top of page
  • timbarber

Shedding some light on Beamsley Beacon

Most people head out from Ilkley up onto the Moors above White Wells or The Cow and Calf, but walking up on the Moors over the other side of the Wharfe valley up on Middleton Moor & Denton Moor has some equally great walks and stunning views.

One of my favourite walks is up to Beamsley Beacon, also known locally as Howber Hill.

This prominent landmark, not surprisingly gets its name from having been the position of a warning beacon for centuries. Its position on high ground is actually 1,282 ft above sea level must have helped with the visibility of the beacon.

The beacon itself is marked by a stone cairn, which archaeological evidence has shown that it was originally built to mark the burial site of a bronze-age chieftan, which would date it about 4,500 years old.

The first recorded mention of Beamsley Beacon dates back to 1667, when it was part of a signalling system using fires to warn of impending invasion.

Little of what we see now will date back to the bronze age and it is also known that in 1804 during the Napoleonic Wars that the beacon was refurbished and a guard hut was also constructed out of some of the original stones - its purpose as a shelter for the Beacon Keeper.

From the beacon there are stunning vistas down Lower Wharfedale, and you can spot Bolton Abbey in the distance and further views into the Yorkshire Dales. You can even see Pendle Hill in Lancashire on a clear day. When the heather is in bloom in August and September it adds a touch of colour and really is a magical site.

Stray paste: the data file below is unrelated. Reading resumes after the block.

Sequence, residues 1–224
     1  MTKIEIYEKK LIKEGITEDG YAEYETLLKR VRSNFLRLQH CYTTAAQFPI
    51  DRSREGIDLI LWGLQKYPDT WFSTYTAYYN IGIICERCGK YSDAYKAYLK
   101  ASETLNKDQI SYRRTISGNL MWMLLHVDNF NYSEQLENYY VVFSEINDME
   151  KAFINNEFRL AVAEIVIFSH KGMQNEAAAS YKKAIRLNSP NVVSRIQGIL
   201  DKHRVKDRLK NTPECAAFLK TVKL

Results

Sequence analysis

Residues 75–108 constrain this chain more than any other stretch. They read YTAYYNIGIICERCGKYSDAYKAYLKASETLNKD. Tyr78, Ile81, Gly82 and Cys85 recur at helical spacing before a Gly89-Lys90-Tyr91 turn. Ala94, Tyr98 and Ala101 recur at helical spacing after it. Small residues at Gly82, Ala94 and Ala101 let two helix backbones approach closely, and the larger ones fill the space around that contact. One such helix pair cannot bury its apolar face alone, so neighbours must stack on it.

The memorable location featured in a JMW Turner painting of a shooting party. This was painted in 1815 during one of his many visits to visit Farnley Hall to visit his friend Walter Fawkes.

There is a trig point at the beacon next to the cairn but also a memorial to commemorate a sad event which happened on 5thNovember 1945. Back then a Lancaster Bomber was flying out of RAF Leeming on a training flight when it hit thick fog. It crashed into the ridge 50 metres from the beacon. Of the eight Canadian Airforce crewmen, four died and four survived and a memorial was unveiled in 2015 with the plaque listing the names of the lost men.

Beamsley Beacon is a short 400m walk from Old Pike, which is marked by a signpost and a small cairn with equally stunning views. I’d definitely recommend a walk up there and the one on the Happy Hiker website was the route I have walked many times with my wife and our dog. Its great to have so many great walks and history on my doorstep.


bottom of page